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The daily Tar Heel. (Chapel Hill, N.C.) 1946-current, November 30, 1989, Page 18, Image 18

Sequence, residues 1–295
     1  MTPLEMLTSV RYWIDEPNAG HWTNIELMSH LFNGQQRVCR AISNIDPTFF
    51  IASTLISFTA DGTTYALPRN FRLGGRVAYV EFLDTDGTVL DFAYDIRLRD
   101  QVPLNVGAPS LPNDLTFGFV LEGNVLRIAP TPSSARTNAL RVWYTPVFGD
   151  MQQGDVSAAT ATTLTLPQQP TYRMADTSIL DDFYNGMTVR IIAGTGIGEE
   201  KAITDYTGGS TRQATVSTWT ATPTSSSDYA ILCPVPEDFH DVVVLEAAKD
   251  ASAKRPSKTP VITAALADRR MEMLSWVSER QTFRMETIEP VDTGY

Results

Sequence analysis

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DTH Omnibus Page 9 Thursday November 30, 1989 II INI 1 m A Three great comics; one screwed - Harlem Nights Eddie Murphy, Richard Pryor, Redd Foxx, Arsenio Hall directed by Eddie Murphy Ram Triple 967-8284 O 12 While the funny man with the penchant for vulgar ity has called Harlem Nights "a film by Eddie Murphy in associa tion with Eddie Murphy Productions," this piece of drivel was sponsored by Paramount Pictures. The studio is probably glad that their involvement in the project gets minimal public ity. The actor's name appears five times in the credits, showing that this film may be more of an ego-trip than the sharp comedy of which Murphy is capable. Murphy directed, wrote and starred in this tale of gangsters and ritzy after-hours clubs in the 1930s. Murphy and Richard Pryor are the owners of Club Sugar Ray's, rival club to gangster-run Pitty Pat Club. Faithful sequel makes Back to the Future, Part II Michael J. Fox, Christopher Lloyd, Thomas F. Wilson, Lea Thompson directed by Robert Zemeckis Carolina Blue and White 942-3061 GOO 12 Okay, I'll admit it! Back in 1985, when I was but a mere 15 and plagued by the weird ness of my youth, 1 knew without a doubt time travel was possible after seeing Back to the Future for the sixth time. So with the release of the se quel, I couldn't help but give it two thumbs up a month before I even saw it. Fortunately, the talents of Steven Spielberg and Robert Zemeckis have teamed up again to keep the dream alive as well as the duo of Dr. Emmett Brown (Christopher Lloyd) and Marty McFly (Michael J. Fox) time traveling. Picking up where the first film left off, Marty has to go into the future November 12, 2015, to be exact to keep his son, Martin McFly Jr.,. from committing a crime.. However, this is only the beginning of a 90-minute adventure that takes you -through time and, well, sort of back. While in the future, Marty of the past experiences a totally different world where cars fly, hover boards have replaced skateboards, and movie Davis Turner 17 1 The film gave Murphy a chance to work with two of his biggest influ ences, Redd Foxx and Richard Pryor, but it is embarrassing that he could not come up with a better storyline to showcase their skills. With three veterans of the comedy business, there is no lack of talent in Nights; rather, there is a lack of storyline for the comedians to hitch a ride on. The veteran chuckle-grabbers are left with their thumbs waving in the wind. It is a plain, boring waste of proven talent. The film never captures a good comedysting blend, although Nights generates a few minor laughs and interesting plot twists. Quick and Sugar Ray sting the bad cops and the evil gangster who closes down the club, but it's still weak stuff. Redd Foxx adds a few needed laughs as he plays Billy "Snake Eyes" Wilson, a near-blind, dice-rolling, stubbom-old-goat-of-a-man who refuses to wear his spectacles. At times it is almost Donnie Beck f ,17 5 y theaters come to life. As Dr. Brown warned in the first film, Marty must avoid contact with anyone to avoid the consequences that could result. All goes basically as planned until Biff (yes, the same one who tortured Marty's father in the original, but 30 years older) gets his hands on the time machine. From this point on Back to the Future, Part II is a whirl wind of adventure with a very unex pected ending. Without a doubt, Michael J. Fox is the star of this picture. This may seem obvious, but some explanation makes it clear: Not only does Fox play himself at 18, but he also plays himself as his 18-year old son, as the 48-year old Marty and, yes, his teen age daughter, in the future. Fox is excellent with his timing and his in nocent face gives his character lim itless sincerity. Christopher Lloyd also gives an excellent performance as the eccen tric and flustered Dr. Emmett Brown. Possibly Lloyd's greatest asset is his hair. With his naturally lanky phy sique, Lloyd does an excellent job of convincing the audience that he doesn't know whether he's coming or going. Director and writer Robert Ze meckis should be commended for the excellent direction and the interest ing concepts in Back to the Future, Part 11. Zemeckis uses scenes from v -x nv wk like Sanford and Son Meet the Sting. "Snake Eyes" constantly bickers with Vera "the fat bitch" Walker in lambasting reminiscent of the San ford and Son days of pointless squab bling. But despite the complications, there are no novelty curves thrown into this film. Plot twists are great brain-teasers if they make the viewer think, but these are far too predict able to provide much entertainment. If a small bladder is a problem, don't worry about rushing off to the toilet for fear of missing an important bit of storyline. Nights is no exception to Murphy's rule of excessive profanity and silly name-calling, which is probably why the flick was given an R rating. The R certainly wasn't for blood and guts, although there is a great deal of vio lence. The abundance of the killing is "clean" stuff, without all the gore and graphic nastiness. A child buries a bullet between the eyes of an irate gambler within the first five min utes, an omen of the carnage to come. Heads are blown off, toes are shot off, lovers are blown to bits while still in the sack (right after congratu latory exchanges for excellent love- sure time the first film to show how time over laps when Marty and Dr. Brown have to go back to 1955, where they were in the first film. Especially effective are the scenes that echo the first film: Instead of the skateboard chase of Part One, Marty is pursued by the bad guys on hoverboards. Not only is the plot of the original movie being constantly recalled, but the time trav elers actually have to go back into the first film to sort out the mess they've just gotten themselves into. Another plus is the film's subtle handling of how the average town of the future will look. It's not a com pletely foreign concept at all. Cars fly, but they still look like cars and not the stereotyped aerodynamic vessel of the future. Finally, Back to the Future, Part 11 is a sequel that badgers its predeces sor in a unique way. The original cast and crew are back, but they're not just cashing in on a tried-and-true concept. Back to the Future, Part II is a mind-bogglingly clever con tinuation of the time-traveling ad venture. The second sequel, set for release in the summer of 1990, is anxiously expected. What The Ratings Mean O miserable OO mediocre OOO enjoyable OOOO quite good OOOOO unmissable making). A hysterically sobbing Arsenio Hall adds a funny twist to the banal gunplay as he and his bumbling accomplices fail to gun down Murphy with their machine guns. Murphy, 28, has never lost money on a film; hence the studio execu tives have given him "Money" as a proper and fitting nickname. Of course, nicknames can change fast, given a performance like this. Murphy's role lacks the hearty belly laughs that he's been known for in the past. The punch is just not there in Harlem Nights. The film will not be remembered as a classic, but it is doubtful that Murphy meant for it to be. The set is complete with cars and costumes of the era. The houses are elegantly over-decorated, all the way down to the statues. Does this show that Murphy had a great deal of money to blow on the production, or is it meant to exemplify the wealth involved with the gangster types and the success of the club? Whatever the case, scenery is no competent replacement for a decent story. Maybe Murphy should let some one else brainstorm the movie ideas, travel is still Back to the bank Back to the Future, Part II skated into the box-office record books in its debut, collecting $43 million during the five-day Thanks giving holiday weekend, according to figures released Monday. The time-travel adventure sequel to the 1985 blockbuster set single day admission records on Wednesday and Thursday, with grosses in excess of $7.2 million each day. Universal Pictures called it the biggest opening in movie history, but the box-office figures cited by the studio represented receipts from the long, five-day holiday weekend beginning Wednesday. Traditionally, the weekend box office is calculated on a Friday through Sunday basis. By that standard, Back to the Future; Part II failed to surpass the all-time three-day record, set earlier this year by Batman with $42.7 million. Back to the Future, Part II collected $27.8 million from Friday through Sunday, according to Entertainment Data Inc. and Exhib itor Relations Co., making it the biggest Thanksgiving-time release ever, topping the three-day mark of $20 million set by Rocky TV in 1985. Associated Press Prancer (G) 7; 15 q 9:50 Back to the Future Part II (PG) 7:30 9:45 up flick M( (fx A Iff I 7 m Redd Foxx so he can have roles where his char acter has a chance to develop. He has shown he excels in acting in past films, but with Nights he has shown us that he does not in writing and di recting. It was his first attempt, and he did try, but what a miserable re sult. a blast